Her hardest responsibility is protecting them from danger.  Baby ducklings are tasty morsels for raptors, minks, cats, dogs, large fish and snapping turtles.  If you watch a mallard family day to day you’ll notice the number of ducklings decreases over time.  Mom does her best but danger lurks.

This mother mallard has had pretty good success so far.  Out of 8 to 13 eggs she still has six chicks.

Until they can fly she has mothers’ work to do.

 

(photo from Wikimedia Commons. Click on the image to see the original. Today’s Tenth Page is inspired by page 483 of Ornithology by Frank B. Gill.)

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May 09 2013

How Many Nestlings?

 

Downtown Pittsburgh peregrine nest (photo by Christopher Rolinson)

Now that the falconcam is running and the peregrine chicks are mobile we’ve been trying to count white, fluffy heads.  How many chicks are at the Downtown Pittsburgh peregrine nest?

A week ago Chris Rolinson, associate professor of photography and photojournalism at Point Park University, set up a time-lapse camera to take snapshots of the nest.  Many hours later he retrieved the camera hoping for lots of peregrine activity, but they did not oblige.  On the other hand, he captured a really clear shot of one of the parents, a chick, and a prey item at the ledge edge.  Click on the image above for a larger view.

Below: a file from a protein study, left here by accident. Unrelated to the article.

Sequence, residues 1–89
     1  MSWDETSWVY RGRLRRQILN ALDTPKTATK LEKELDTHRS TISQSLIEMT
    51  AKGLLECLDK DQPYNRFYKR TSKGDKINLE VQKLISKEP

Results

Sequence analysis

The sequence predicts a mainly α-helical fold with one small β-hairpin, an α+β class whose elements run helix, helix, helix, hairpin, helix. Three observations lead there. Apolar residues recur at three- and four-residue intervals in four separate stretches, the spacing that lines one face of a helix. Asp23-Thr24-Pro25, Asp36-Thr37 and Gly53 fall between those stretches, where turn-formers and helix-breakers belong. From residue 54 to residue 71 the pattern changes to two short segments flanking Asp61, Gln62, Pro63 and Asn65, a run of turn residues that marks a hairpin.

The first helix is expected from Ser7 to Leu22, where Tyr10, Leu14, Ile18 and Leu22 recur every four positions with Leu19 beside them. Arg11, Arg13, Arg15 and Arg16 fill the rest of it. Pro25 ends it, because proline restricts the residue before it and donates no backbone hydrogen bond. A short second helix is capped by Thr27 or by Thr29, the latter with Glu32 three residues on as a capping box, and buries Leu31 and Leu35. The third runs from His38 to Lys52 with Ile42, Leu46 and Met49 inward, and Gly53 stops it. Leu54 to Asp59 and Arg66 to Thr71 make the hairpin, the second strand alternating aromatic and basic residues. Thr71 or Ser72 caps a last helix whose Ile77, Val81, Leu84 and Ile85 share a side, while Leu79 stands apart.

The falconcam also takes snapshots but it sways in the wind so most of its images are blurs of the facade.  Yesterday there were three tantalizing photos.

Here a chick traveled closer to the nest opening.  He looks pretty big.

Peregrine chick walks to the front (photo from the National Aviary falconcam at Point Park University)

 

And around one o’clock they lined up so we could count heads.  In the marked up snapshot below there are three peregrine chicks facing us.

Three chicks visible, Downtown nest (photo from the National Aviary falconcam at Point Park University)

 

A few minutes earlier there may have been a fourth with his side to the camera and his face hidden by the wall.  His nearest sibling appears to be looking at him.  (Notice that his location is dark-colored in the image above.)

Possibly four chicks visible, Downtown nest (photo from the National Aviary falconcam at Point Park University)

 

So how many chicks do Dori and Louie have?  Certainly three, perhaps four.

Watch the Downtown Pittsburgh falconcam and tell me what you think.

 

p.s. We’re looking forward to more from Chris Rolinson when the chicks are more active.

 

(photo at top by Christopher Rolinson.  Time-stamped photos are from the National Aviary falconcam at Point Park University)

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May 06 2013

Downtown Peregrines On Camera At Last